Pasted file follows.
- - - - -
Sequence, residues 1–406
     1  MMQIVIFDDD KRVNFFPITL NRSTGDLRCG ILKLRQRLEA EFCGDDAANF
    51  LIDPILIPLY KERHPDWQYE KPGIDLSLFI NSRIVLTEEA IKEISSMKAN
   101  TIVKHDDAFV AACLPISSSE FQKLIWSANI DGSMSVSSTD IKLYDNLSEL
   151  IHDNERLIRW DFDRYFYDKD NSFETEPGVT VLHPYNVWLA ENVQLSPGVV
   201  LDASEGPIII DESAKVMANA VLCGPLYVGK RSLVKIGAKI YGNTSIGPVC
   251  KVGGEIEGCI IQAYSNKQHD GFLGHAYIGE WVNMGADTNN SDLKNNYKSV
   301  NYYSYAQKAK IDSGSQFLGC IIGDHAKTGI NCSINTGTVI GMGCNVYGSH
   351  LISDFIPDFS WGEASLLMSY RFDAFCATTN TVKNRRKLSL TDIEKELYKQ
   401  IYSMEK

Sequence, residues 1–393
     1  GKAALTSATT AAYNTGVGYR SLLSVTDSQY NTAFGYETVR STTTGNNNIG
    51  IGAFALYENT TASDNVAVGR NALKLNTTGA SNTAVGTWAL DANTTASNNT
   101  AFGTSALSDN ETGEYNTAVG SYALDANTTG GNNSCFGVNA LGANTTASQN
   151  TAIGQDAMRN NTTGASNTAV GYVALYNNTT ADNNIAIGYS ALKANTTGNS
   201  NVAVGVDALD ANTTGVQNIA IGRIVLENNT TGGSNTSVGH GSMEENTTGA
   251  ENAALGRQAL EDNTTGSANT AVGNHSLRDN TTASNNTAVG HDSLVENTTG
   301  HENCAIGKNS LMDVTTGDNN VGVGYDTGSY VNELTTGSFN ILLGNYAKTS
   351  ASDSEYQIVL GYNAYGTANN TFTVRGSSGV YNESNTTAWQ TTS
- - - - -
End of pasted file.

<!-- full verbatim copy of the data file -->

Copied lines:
Sequence, residues 1–406
     1  MMQIVIFDDD KRVNFFPITL NRSTGDLRCG ILKLRQRLEA EFCGDDAANF
    51  LIDPILIPLY KERHPDWQYE KPGIDLSLFI NSRIVLTEEA IKEISSMKAN
   101  TIVKHDDAFV AACLPISSSE FQKLIWSANI DGSMSVSSTD IKLYDNLSEL
   151  IHDNERLIRW DFDRYFYDKD NSFETEPGVT VLHPYNVWLA ENVQLSPGVV
   201  LDASEGPIII DESAKVMANA VLCGPLYVGK RSLVKIGAKI YGNTSIGPVC
   251  KVGGEIEGCI IQAYSNKQHD GFLGHAYIGE WVNMGADTNN SDLKNNYKSV
   301  NYYSYAQKAK IDSGSQFLGC IIGDHAKTGI NCSINTGTVI GMGCNVYGSH
   351  LISDFIPDFS WGEASLLMSY RFDAFCATTN TVKNRRKLSL TDIEKELYKQ
   401  IYSMEK

Sequence, residues 1–393
     1  GKAALTSATT AAYNTGVGYR SLLSVTDSQY NTAFGYETVR STTTGNNNIG
    51  IGAFALYENT TASDNVAVGR NALKLNTTGA SNTAVGTWAL DANTTASNNT
   101  AFGTSALSDN ETGEYNTAVG SYALDANTTG GNNSCFGVNA LGANTTASQN
   151  TAIGQDAMRN NTTGASNTAV GYVALYNNTT ADNNIAIGYS ALKANTTGNS
   201  NVAVGVDALD ANTTGVQNIA IGRIVLENNT TGGSNTSVGH GSMEENTTGA
   251  ENAALGRQAL EDNTTGSANT AVGNHSLRDN TTASNNTAVG HDSLVENTTG
   301  HENCAIGKNS LMDVTTGDNN VGVGYDTGSY VNELTTGSFN ILLGNYAKTS
   351  ASDSEYQIVL GYNAYGTANN TFTVRGSSGV YNESNTTAWQ TTS